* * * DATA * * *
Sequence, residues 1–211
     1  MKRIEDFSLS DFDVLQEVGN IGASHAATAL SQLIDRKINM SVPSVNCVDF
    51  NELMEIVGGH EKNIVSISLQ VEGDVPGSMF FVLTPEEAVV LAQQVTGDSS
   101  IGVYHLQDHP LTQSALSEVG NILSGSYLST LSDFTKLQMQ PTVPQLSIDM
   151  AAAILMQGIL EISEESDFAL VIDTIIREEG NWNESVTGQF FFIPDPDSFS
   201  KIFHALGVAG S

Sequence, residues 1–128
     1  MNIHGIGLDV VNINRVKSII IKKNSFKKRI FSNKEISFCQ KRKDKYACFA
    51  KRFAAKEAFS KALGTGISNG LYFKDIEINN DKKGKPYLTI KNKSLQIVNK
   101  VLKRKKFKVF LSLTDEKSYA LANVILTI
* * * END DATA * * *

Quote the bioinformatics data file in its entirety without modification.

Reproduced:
Sequence, residues 1–211
     1  MKRIEDFSLS DFDVLQEVGN IGASHAATAL SQLIDRKINM SVPSVNCVDF
    51  NELMEIVGGH EKNIVSISLQ VEGDVPGSMF FVLTPEEAVV LAQQVTGDSS
   101  IGVYHLQDHP LTQSALSEVG NILSGSYLST LSDFTKLQMQ PTVPQLSIDM
   151  AAAILMQGIL EISEESDFAL VIDTIIREEG NWNESVTGQF FFIPDPDSFS
   201  KIFHALGVAG S

Sequence, residues 1–128
     1  MNIHGIGLDV VNINRVKSII IKKNSFKKRI FSNKEISFCQ KRKDKYACFA
    51  KRFAAKEAFS KALGTGISNG LYFKDIEINN DKKGKPYLTI KNKSLQIVNK
   101  VLKRKKFKVF LSLTDEKSYA LANVILTI